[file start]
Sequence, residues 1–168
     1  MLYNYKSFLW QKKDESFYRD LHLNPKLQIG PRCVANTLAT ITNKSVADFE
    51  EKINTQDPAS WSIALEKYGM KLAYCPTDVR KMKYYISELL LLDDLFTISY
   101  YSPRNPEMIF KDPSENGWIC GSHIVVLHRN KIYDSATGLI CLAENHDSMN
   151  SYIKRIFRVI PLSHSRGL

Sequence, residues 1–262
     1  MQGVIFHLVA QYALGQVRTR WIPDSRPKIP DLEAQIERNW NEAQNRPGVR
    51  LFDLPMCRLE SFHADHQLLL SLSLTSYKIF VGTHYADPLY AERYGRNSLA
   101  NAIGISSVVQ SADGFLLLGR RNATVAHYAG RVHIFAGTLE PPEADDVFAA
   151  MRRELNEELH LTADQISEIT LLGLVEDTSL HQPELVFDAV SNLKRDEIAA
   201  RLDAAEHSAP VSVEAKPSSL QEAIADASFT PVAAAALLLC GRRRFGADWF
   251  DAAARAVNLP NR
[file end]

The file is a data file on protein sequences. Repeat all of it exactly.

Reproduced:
Sequence, residues 1–168
     1  MLYNYKSFLW QKKDESFYRD LHLNPKLQIG PRCVANTLAT ITNKSVADFE
    51  EKINTQDPAS WSIALEKYGM KLAYCPTDVR KMKYYISELL LLDDLFTISY
   101  YSPRNPEMIF KDPSENGWIC GSHIVVLHRN KIYDSATGLI CLAENHDSMN
   151  SYIKRIFRVI PLSHSRGL

Sequence, residues 1–262
     1  MQGVIFHLVA QYALGQVRTR WIPDSRPKIP DLEAQIERNW NEAQNRPGVR
    51  LFDLPMCRLE SFHADHQLLL SLSLTSYKIF VGTHYADPLY AERYGRNSLA
   101  NAIGISSVVQ SADGFLLLGR RNATVAHYAG RVHIFAGTLE PPEADDVFAA
   151  MRRELNEELH LTADQISEIT LLGLVEDTSL HQPELVFDAV SNLKRDEIAA
   201  RLDAAEHSAP VSVEAKPSSL QEAIADASFT PVAAAALLLC GRRRFGADWF
   251  DAAARAVNLP NR